Isotopic Clues to Sources of Natural and Anthropogenic Lead in Sediments and Soils from O'ahu, Hawai'i

Spencer, Khalil J.
De Carlo, Eric H.
McMurtry, Gary M.
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University of Hawaii Press
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Stable Pb isotopes, Pb elemental concentrations, and, for some samples, Nd and Sr isotopes and concentrations have been analyzed on soils and on stream and estuarine sediments to evaluate the provenance of major inputs of Pb to the O'ahu, Hawai'i, environment. Core samples from the Ala Wai Canal, a major estuary draining urban Honolulu, preserve a historical record of anthropogenic lead input that peaked during the 1970s, the period of heaviest leaded-gas usage in Hawai'i. The timing of the Pb concentration peak and the simultaneous rise in Zn and Cd concentrations, two elements used in tire vulcanization, strongly suggest that the source of this Pb was tetraethyl Pb used in leaded gasoline. The changing Pb isotopic composition in these sediments reflects changing sources of ore from which tetraethyllead was produced. These isotopic signatures can be used to fingerprint anthropogenic Pb elsewhere on O'ahu. Although leaded gasoline has been phased out of production in the United States and in many other countries, elevated amounts of lead continue to deposit from the Ala Wai Canal's watershed. Sediment samples from Manoa Stream, a principal tributary, suggest that relatively uncontaminated sediments are eroded from its headwaters while a source (or sources) of lead continues to discharge into the stream as it nears the south end of Manoa Valley. The isotopic composition of this lead is similar to that measured in recently deposited sediments cored from the Ala Wai Canal. An atmospheric dust-enriched soil collected on the island of Hawai'i contains elevated Pb concentrations (55 ppm) and a Pb isotopic composition similar to North Pacific pelagic sediment. In addition, this sample contains unradiogenic Nd (E = -6) and radiogenic Sr (87Sr/86Sr = 0.722527) confirming an old, continentally derived provenance. Soils collected in Ha'ikii Valley, a windward O'ahu valley subject to high rainfall, contain variable Pb concentrations and Sr, Nd, and Pb isotopes trending toward the isotopic composition of the dust-enriched sample. This confirms that the Ha'ikii Valley soils contain an aerosol component. Soils enriched in this component could have natural lead concentrations higher than soils made up solely of weathered Hawaiian rocks. Hawai'i's soils and sediments have naturally derived variations in Pb concentration that are caused by differences in provenance and degree of weathering. Superimposed on this natural concentration variation is a variable anthropogenic signal. These variations should be factored into environmental monitoring programs.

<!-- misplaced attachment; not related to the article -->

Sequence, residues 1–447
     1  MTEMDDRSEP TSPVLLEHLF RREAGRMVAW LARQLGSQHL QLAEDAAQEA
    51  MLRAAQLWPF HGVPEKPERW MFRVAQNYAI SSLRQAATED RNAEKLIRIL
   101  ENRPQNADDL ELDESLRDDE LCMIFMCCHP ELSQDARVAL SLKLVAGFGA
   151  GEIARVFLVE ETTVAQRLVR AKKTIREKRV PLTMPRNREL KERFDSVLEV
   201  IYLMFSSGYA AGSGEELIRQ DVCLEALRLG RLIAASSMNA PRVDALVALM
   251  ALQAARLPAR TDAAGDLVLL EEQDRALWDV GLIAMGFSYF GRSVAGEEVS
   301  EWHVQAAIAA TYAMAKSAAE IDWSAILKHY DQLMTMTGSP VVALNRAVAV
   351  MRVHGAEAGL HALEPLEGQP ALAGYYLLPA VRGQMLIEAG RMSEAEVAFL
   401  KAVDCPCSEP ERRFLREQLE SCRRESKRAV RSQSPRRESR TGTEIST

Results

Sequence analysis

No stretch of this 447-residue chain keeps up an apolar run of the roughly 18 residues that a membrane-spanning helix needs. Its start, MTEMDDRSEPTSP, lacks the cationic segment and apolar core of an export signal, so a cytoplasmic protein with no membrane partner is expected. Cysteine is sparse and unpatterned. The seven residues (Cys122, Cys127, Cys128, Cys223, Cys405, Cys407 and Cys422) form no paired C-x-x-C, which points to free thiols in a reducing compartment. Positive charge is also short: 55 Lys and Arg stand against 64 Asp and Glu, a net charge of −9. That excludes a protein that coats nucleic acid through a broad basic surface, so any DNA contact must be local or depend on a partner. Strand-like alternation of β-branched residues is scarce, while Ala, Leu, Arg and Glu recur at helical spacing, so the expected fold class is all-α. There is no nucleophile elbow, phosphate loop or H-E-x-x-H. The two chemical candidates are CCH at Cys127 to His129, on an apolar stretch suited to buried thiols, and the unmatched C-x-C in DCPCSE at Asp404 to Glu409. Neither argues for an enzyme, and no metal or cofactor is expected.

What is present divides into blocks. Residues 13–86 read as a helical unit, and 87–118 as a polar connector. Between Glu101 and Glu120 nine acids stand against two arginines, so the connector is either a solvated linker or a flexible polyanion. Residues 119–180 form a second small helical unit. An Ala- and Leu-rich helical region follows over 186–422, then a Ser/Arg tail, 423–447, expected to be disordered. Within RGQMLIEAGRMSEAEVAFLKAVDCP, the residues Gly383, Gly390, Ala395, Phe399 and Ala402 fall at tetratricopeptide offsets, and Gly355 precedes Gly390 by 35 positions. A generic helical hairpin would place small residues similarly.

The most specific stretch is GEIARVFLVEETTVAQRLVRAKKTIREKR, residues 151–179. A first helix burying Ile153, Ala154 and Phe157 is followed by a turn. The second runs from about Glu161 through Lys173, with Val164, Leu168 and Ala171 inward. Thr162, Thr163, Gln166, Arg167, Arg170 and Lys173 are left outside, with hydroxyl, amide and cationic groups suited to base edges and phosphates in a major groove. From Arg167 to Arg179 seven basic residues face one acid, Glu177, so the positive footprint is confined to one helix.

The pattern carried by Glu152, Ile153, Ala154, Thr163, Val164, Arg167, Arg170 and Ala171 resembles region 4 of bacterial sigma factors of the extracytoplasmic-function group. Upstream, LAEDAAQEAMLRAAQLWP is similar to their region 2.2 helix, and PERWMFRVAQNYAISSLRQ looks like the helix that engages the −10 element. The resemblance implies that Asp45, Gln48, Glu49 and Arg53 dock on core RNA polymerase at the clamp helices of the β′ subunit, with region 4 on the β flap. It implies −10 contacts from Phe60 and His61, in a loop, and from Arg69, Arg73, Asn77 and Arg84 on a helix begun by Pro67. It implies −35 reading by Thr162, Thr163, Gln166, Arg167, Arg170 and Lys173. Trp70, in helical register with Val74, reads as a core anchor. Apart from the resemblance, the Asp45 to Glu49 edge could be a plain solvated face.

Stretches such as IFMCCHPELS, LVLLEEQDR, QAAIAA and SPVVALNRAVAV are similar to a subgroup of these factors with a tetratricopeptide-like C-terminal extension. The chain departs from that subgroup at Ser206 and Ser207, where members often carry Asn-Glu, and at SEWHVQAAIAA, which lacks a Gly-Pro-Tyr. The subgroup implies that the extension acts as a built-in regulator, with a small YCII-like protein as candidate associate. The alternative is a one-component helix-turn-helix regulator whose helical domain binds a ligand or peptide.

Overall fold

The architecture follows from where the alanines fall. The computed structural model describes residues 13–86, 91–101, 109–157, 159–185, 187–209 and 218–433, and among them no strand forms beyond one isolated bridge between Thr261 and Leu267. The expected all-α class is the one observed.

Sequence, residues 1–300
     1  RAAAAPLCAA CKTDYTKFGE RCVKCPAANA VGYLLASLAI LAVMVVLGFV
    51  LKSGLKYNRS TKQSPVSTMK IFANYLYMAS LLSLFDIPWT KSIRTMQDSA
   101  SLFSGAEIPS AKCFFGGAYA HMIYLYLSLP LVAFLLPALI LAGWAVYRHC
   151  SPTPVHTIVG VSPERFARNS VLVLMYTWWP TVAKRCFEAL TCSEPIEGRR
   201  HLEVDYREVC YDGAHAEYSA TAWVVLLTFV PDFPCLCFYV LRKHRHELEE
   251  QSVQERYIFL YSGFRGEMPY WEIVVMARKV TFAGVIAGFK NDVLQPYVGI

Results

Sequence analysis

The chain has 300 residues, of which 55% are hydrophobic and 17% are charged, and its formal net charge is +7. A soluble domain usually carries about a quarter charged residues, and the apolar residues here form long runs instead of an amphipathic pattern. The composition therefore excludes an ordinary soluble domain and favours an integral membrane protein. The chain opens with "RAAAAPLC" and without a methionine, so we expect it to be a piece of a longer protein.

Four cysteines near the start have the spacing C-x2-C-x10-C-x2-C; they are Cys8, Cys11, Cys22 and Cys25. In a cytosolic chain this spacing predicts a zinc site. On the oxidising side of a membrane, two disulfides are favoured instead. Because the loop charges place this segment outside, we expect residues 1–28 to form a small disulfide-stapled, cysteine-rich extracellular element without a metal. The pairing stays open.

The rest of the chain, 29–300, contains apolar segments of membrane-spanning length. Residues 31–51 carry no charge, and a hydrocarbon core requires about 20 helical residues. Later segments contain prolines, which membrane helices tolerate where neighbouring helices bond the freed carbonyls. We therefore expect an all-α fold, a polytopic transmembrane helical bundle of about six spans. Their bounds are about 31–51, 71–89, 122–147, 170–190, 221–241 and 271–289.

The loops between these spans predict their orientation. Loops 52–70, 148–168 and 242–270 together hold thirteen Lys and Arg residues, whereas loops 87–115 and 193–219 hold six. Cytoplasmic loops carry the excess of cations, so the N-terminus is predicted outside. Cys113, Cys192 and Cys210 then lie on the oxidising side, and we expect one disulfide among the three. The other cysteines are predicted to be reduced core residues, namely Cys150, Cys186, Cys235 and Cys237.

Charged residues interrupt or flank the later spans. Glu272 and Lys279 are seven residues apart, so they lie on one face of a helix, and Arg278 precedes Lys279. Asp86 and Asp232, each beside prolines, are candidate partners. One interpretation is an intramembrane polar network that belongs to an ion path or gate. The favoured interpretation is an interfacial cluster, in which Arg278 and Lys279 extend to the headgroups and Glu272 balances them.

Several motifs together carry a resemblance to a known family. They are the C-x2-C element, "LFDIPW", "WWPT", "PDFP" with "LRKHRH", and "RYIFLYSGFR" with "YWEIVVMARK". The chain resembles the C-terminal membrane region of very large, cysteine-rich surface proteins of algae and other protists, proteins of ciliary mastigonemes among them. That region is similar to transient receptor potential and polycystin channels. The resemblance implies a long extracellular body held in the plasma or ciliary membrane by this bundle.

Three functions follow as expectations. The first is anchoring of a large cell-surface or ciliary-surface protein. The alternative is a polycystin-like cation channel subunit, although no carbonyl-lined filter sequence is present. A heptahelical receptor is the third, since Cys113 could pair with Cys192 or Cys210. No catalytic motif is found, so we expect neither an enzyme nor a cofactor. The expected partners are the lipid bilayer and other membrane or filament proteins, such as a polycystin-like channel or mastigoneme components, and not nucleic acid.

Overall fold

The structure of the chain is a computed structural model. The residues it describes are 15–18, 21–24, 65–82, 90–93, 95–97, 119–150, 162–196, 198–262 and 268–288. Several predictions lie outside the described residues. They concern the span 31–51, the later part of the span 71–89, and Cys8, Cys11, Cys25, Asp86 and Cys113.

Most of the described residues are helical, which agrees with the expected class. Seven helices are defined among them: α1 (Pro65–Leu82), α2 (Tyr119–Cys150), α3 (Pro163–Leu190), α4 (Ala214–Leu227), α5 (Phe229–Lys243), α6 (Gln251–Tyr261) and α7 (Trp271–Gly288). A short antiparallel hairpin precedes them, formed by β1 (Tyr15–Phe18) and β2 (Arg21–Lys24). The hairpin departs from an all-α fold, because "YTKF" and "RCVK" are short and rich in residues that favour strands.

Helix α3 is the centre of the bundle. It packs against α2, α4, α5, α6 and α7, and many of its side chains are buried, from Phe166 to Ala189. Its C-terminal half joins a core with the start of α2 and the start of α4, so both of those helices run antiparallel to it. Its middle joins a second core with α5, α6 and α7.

Spencer KJ, De Carlo EH, McMurtry GM. 1995. Isotopic clues to sources of natural and anthropogenic lead in sediments and soils from O'ahu, Hawai'i. Pac Sci 49(4): 492-510.
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